We all draw strength from our close friends and family. It is kind of understood that, barring any bad blood that exists, they will be on hand in a catastrophe–emotional or physical. Some of them are better than others at knowing just what you need and when, but they are all at the end of the phone line on those days when you just can’t take it anymore. When you need a deep breath of the outdoors and someone to take that in with you. During the more dramatic moments when only someone close can help. Someone who is okay with no words being shared–just the company of another person.
There’s also a second tier of people that are equally important but who maybe aren’t as obvious. Their presence is subtle and likely isn’t even noticed for a good long while–not until there’s a hole in the fog. But they weave themselves into the daily fabric of tasks–shopping, banking, working out, etc…
These are the kind people who have an awareness of what’s going on in my life and the fact that I’m fragile, but they may not even know my last name. Even two years later they give me special knowing smiles and inquire as to how I’m doing. They maybe give me a little extra attention or spend a little more time with me. They are quicker to help me solve a problem I’m facing, and they seem to get some joy out of doing so, maybe knowing that they are helping someone who is in pain. These aren’t large dramatic gestures. They are small and consistent and powerful.
A few examples:
The women at the post office. (I know–not generally the place to find warm and fuzzy). They knew Pete and they know I’ve had to take over the business of shipping online orders for Pete’s CDs, DVDs, and books. The post office is certainly a redundant chore every day (for them and for me), but these women have loosened up, and they will joke with me, take care with my packages and make recommendations that are helpful. They smile, and they say “Hi Erin.” When most postal workers look up with dread at the next pain in the ass in their line, these women perk up for me–they have an awareness, I believe not wanting to add to any stress I might already be facing.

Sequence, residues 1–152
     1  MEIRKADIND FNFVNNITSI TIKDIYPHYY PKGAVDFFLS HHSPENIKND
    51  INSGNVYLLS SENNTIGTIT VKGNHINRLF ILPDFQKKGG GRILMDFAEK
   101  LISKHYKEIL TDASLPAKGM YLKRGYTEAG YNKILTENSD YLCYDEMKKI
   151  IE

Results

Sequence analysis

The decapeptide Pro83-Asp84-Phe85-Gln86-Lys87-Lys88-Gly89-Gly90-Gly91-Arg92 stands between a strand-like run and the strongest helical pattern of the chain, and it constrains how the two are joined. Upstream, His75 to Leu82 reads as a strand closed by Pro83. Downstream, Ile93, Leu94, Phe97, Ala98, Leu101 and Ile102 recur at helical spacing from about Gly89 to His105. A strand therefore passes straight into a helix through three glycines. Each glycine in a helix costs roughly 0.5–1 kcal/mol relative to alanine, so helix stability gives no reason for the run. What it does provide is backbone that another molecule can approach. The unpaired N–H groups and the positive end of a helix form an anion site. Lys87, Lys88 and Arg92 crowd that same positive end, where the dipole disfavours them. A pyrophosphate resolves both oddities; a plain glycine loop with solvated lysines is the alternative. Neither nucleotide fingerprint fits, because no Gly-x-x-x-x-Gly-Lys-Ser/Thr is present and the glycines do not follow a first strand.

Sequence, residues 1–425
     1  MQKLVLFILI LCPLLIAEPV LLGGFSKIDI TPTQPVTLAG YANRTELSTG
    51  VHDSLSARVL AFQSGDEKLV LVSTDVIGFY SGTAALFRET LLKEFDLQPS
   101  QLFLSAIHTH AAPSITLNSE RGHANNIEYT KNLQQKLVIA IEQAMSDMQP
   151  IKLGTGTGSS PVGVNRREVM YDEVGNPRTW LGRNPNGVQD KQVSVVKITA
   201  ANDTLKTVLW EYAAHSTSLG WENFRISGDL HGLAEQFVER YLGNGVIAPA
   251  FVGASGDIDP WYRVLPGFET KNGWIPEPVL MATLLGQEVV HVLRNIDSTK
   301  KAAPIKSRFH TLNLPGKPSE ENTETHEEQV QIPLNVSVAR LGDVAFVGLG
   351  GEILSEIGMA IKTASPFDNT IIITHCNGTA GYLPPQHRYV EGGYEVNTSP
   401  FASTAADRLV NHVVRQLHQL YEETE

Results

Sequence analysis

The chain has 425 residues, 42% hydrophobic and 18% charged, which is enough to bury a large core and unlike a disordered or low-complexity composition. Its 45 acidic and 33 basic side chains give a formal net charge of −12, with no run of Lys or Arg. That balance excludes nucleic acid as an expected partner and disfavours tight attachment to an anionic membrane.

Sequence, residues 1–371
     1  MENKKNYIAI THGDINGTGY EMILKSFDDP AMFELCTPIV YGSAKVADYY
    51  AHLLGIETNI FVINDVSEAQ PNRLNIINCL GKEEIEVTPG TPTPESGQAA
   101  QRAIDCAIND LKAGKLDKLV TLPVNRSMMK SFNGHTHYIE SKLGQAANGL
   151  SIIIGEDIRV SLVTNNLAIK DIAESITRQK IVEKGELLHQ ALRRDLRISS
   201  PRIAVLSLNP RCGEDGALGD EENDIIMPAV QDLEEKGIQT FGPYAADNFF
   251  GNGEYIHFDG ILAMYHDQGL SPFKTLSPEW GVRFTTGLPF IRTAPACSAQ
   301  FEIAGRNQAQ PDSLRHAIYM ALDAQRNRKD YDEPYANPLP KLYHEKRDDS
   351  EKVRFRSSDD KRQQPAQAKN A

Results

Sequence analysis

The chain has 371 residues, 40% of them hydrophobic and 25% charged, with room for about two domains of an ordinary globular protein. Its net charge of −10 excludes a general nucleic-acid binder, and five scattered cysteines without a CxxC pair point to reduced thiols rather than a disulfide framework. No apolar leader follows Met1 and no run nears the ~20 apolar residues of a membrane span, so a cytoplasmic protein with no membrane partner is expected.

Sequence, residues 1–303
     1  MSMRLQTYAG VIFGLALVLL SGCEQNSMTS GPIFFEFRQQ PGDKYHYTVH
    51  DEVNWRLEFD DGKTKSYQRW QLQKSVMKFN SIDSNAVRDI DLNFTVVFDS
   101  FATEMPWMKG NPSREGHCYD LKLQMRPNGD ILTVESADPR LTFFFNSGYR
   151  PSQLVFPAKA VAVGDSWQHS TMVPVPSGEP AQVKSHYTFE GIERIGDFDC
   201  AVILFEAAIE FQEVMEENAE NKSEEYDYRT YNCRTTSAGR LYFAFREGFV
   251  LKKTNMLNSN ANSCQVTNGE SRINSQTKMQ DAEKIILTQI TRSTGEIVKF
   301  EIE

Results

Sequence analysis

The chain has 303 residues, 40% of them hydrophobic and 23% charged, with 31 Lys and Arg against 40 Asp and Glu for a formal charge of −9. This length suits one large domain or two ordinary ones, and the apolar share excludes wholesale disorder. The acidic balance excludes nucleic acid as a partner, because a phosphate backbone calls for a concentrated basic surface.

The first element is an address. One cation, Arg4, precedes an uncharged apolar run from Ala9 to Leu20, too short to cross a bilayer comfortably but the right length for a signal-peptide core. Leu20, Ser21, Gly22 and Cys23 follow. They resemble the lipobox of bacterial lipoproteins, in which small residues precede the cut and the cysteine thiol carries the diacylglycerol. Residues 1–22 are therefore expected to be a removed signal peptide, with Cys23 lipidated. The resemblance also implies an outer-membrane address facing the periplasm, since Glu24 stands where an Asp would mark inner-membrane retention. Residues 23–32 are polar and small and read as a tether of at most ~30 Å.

The servers at the restaurant where I go to sit and write this blog every week. It took a while before they asked me what I was doing there every week, but now they know. They smile when I arrive. They say “Hello Miss Erin” (it’s a southern thing) and show me to a booth as far back in a corner as I can get. Some of them read the blog and have passed it on to relatives. They don’t over-serve me because they know I’m there for peace and quiet to write.
Finally, the woman at the drive-thru bank window. She is the one who made me think to write this blog in the first place. She found out, the hard way, that Pete had died. He and I always pulled up to the window together. Then one day it was just me and she asked “Where’s Pete?” I had to tell her that he was gone, and that it would be just me forever. She was visibly sad. A couple of weeks later I drove up with the life insurance check that I’d received. She told me that sometimes it takes up to two weeks for it to show up in an account, but that she would make some calls and get it rushed through. She did. It showed up two days later in my balance. Every time I came through her line she looked sad and asked me a lot of questions. I eventually gave her a copy of “Joined At The Heart.” It was my feeling that someone who knew us so superficially but still cared, ought to know us better. She must work all the time because she’s always there when I drive through–no matter the day. Or time. I look forward to her smiling face. Last week it occurred to me what a huge impact she has had on the healing that has happened for me up to this point.
Maybe I’m imagining this special attention because I need it, but I don’t think so. I don’t want to call them angels because that’s a huge responsibility for them, but they are kind-hearted spirits who are mindful of their effect on me. I will learn from them.
Is there someone you encounter on a regular basis that offers this kind of support for you, and is there someone to whom you could offer support?